Breaking the Ice: The Black Experience in Professional by Cecil Harris

By Cecil Harris

Black hockey avid gamers from supply Fuhr to Jarome Iginla converse candidly for the 1st time approximately their stories within the NHL. considering 1958, thirty-seven black males have performed within the nationwide Hockey League. Out of the six hundred gamers lively this day, fourteen are black. Breaking the Ice: The Black event in specialist Hockey is the 1st e-book to inform the original tales of black hockey gamers -- how they overcame or succumbed to racial and cultural prejudices to play Canada's favorite hobby.

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Additional resources for Breaking the Ice: The Black Experience in Professional Hockey

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There were only 126 jobs for hockey players in the premier league. No player had an agent, and an NHL players union would not exist until 1967. Hockey teams wielded a mighty hammer in 1948. And if Carnegie, just another nail in the board, truly wanted to fulfill what he had described as a lifelong dream to play in the NHL, then it would have behooved him to get the best deal he could, swallow hard and try to make the best of it. While he is deserving of credit for not jumping at either of the first two lowball offers, he seriously overplayed his hand by turning down the third.

I needed four operations in the next two-and-a-half years. That injury ruined my hockey. I lost my speed. I didn't consider [the injury] a racial thing. I don't. I just beat a guy on a play and he stuck his leg out. Most of the Eastern League players were Canadians. " Dorrington returned to Atlantic City, where he met his wife Dorothie, where their daughter Dorrie was born, where he worked for the Atlantic County Sheriff's Department for twenty years, where he serves on the boards of a local golf club and a baseball umpires association, where he founded a youth baseball organization named after a Negro Leagues great and Hall of Famer John Henry "Pop" Lloyd, where he serves as a goodwill ambassador for the local East Coast Hockey League team called the Boardwalk Bullies, and where he founded and operates a self-named foundation devoted to providing free hockey equipment and instruction, academic guidance and social services to inner-city youth.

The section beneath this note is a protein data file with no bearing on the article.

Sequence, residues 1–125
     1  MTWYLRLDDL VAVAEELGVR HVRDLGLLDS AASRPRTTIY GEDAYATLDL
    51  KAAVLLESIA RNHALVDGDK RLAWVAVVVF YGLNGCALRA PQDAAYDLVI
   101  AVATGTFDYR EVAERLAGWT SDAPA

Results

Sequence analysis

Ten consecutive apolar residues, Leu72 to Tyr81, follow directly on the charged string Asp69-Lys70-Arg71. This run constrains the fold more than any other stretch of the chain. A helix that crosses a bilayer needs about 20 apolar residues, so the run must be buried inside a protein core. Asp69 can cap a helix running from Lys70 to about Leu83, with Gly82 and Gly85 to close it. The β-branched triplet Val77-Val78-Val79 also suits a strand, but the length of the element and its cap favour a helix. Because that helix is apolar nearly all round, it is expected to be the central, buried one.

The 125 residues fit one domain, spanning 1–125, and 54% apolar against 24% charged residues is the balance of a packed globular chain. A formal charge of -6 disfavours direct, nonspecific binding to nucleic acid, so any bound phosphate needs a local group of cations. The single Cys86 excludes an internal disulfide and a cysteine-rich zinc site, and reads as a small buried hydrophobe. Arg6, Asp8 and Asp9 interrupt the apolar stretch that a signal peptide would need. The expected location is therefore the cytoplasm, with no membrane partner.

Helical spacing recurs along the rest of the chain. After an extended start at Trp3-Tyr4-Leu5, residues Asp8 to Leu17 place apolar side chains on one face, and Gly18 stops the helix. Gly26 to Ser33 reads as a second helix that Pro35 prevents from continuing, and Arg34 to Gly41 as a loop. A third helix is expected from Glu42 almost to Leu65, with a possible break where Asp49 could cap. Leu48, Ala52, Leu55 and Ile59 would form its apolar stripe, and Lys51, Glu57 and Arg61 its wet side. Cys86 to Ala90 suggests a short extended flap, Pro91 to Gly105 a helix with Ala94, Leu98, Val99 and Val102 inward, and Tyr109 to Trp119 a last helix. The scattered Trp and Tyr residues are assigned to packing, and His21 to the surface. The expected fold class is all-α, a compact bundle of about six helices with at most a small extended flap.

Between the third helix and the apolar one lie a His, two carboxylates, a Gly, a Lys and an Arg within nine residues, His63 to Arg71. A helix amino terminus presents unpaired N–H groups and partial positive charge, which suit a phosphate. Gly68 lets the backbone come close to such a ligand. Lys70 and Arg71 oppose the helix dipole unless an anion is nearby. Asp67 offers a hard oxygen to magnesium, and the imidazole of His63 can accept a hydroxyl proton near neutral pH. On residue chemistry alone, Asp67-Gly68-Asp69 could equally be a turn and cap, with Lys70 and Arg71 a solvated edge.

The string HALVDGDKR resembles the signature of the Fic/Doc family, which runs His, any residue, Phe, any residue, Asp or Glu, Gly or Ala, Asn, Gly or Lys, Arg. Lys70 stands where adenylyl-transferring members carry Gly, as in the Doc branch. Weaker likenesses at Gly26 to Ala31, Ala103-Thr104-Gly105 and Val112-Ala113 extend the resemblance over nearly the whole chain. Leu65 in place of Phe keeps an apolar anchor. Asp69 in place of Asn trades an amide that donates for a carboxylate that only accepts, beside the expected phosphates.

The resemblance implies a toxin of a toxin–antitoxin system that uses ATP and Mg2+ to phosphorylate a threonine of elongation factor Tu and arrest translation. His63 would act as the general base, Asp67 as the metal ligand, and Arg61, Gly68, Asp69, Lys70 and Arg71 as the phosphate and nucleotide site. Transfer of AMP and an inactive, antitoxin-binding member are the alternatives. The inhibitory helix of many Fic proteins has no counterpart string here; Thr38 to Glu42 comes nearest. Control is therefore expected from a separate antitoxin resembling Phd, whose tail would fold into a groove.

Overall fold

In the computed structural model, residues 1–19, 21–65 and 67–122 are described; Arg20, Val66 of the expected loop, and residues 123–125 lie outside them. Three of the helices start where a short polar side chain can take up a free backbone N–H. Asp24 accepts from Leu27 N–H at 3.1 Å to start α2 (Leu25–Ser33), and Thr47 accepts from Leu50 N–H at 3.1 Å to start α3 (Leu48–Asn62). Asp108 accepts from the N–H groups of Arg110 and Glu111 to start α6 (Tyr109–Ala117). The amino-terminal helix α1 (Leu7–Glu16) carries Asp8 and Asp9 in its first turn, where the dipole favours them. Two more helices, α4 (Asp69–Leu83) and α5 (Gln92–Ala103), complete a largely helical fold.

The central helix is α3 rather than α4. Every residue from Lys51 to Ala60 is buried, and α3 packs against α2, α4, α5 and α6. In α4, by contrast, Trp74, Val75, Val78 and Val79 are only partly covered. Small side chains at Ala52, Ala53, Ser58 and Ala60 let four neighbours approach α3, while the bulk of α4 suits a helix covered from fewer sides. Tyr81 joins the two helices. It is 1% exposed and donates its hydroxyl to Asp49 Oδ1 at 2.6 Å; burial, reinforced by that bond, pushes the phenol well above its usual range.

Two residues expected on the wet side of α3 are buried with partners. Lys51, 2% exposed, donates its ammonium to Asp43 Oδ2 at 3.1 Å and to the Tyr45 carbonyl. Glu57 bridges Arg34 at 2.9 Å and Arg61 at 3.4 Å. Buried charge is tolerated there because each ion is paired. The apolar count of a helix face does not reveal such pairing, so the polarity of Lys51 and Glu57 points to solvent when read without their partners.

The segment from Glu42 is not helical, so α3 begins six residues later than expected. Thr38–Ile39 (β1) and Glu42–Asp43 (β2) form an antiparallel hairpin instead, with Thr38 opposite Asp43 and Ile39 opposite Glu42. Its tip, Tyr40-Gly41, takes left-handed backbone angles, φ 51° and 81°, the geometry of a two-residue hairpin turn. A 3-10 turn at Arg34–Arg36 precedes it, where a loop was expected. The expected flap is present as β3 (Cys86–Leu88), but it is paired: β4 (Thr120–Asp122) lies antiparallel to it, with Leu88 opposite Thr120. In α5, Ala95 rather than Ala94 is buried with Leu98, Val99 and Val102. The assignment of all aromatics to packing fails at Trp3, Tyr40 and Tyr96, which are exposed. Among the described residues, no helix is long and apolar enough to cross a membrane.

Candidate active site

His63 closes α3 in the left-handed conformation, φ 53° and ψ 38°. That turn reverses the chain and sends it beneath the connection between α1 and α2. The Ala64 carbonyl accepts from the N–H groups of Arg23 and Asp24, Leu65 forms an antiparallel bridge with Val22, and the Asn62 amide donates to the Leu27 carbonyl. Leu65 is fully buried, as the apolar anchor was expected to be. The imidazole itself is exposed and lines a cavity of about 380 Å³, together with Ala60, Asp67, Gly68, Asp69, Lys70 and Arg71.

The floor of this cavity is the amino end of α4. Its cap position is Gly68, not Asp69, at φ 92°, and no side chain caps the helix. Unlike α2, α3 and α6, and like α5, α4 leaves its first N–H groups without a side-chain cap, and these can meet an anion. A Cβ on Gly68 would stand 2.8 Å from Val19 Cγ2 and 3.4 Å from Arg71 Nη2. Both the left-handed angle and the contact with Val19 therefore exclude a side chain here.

He signed as a center fielder with the Boston Braves' organization and played on the major league baseball club's farm teams in Watertown and Wellsville, New York. "I didn't have one week off in '51," he said with a throaty laugh. "I went right from a hockey uniform to a baseball uniform. " Dorrington was spared the indignity of the segregated hotels and restaurants in Myrtle Beach that year, but he encountered those odiously racist restrictions in most other American cities he visited in the 1950s.

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